- Regulating the use of automatic recognition technology (R (on the application of Bridges) v Chief Constable of South Wales Police)
- What are the practical implications of this case?
- What was the background?
- What did the court decide?
- Ground one
- Ground two
- Ground three
- Case details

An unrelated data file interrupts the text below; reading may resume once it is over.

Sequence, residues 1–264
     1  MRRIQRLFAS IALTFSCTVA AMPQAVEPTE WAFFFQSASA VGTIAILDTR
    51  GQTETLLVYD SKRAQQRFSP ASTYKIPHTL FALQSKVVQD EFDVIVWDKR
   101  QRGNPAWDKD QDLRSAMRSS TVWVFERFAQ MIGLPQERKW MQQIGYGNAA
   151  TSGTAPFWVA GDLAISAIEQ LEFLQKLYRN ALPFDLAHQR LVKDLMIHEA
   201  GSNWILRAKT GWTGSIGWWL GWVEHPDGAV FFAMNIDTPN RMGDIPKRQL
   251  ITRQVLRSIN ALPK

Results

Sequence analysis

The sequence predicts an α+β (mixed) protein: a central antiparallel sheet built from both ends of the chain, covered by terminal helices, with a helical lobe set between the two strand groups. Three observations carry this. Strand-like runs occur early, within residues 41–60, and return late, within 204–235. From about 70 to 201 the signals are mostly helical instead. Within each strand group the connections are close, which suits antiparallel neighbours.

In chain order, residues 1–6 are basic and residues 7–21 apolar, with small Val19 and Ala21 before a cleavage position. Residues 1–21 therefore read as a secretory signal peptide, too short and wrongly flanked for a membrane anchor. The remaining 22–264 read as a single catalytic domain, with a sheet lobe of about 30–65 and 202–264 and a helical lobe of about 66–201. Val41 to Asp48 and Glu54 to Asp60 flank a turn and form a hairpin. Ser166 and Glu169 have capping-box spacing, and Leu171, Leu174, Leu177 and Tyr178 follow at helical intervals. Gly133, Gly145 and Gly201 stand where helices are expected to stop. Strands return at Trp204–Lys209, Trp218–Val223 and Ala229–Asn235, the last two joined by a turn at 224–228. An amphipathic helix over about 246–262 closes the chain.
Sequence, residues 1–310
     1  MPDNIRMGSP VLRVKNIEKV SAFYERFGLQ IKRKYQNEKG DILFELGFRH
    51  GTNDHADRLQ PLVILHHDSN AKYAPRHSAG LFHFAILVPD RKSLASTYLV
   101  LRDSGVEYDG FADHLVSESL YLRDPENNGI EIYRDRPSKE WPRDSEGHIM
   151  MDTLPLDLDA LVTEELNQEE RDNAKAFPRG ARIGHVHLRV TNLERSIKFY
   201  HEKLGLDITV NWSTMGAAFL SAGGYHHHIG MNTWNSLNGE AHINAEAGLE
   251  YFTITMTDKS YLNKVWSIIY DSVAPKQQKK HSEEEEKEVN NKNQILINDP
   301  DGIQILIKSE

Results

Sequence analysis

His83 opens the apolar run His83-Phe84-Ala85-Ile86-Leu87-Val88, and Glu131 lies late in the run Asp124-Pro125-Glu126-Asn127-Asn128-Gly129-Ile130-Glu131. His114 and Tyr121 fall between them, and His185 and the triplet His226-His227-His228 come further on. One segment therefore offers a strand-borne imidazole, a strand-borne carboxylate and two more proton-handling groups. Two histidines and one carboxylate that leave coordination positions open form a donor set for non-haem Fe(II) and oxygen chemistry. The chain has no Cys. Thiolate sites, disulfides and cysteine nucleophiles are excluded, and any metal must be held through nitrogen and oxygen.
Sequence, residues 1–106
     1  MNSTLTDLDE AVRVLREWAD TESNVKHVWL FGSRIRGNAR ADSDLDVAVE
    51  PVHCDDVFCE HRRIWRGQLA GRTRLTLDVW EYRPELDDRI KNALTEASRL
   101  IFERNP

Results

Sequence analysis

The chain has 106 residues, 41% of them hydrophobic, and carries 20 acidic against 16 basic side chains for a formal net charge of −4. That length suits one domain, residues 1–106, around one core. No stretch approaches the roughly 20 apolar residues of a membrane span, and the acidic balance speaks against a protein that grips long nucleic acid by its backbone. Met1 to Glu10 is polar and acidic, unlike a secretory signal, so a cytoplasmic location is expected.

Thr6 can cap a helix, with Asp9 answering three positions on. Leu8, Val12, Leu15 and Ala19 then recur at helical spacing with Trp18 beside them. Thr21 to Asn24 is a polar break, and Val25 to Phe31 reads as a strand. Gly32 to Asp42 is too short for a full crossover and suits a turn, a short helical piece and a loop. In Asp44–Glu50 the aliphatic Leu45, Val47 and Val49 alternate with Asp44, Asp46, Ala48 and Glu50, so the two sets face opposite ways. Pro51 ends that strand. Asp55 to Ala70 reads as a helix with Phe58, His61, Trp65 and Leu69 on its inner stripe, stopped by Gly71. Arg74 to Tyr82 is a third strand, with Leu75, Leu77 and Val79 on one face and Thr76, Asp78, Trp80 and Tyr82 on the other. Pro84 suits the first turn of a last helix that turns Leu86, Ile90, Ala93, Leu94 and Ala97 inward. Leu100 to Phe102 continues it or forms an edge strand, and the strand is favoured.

Corporate Crime analysis: The use of live automatic facial recognition technology (AFR) is an interference with the Article 8 of the European Convention on Human Rights (ECHR) right to respect for a private life, unless it is ‘in accordance with the law’—the Police were not able to demonstrate that there were enough safeguards as to the criteria for being put on the watchlist of ‘suspects’ and where the cameras would be placed to monitor members of the public. In short, there was not a sufficient legal framework for the use of AFR. Written by Sailesh Mehta, barrister, at Red Lion Chambers.
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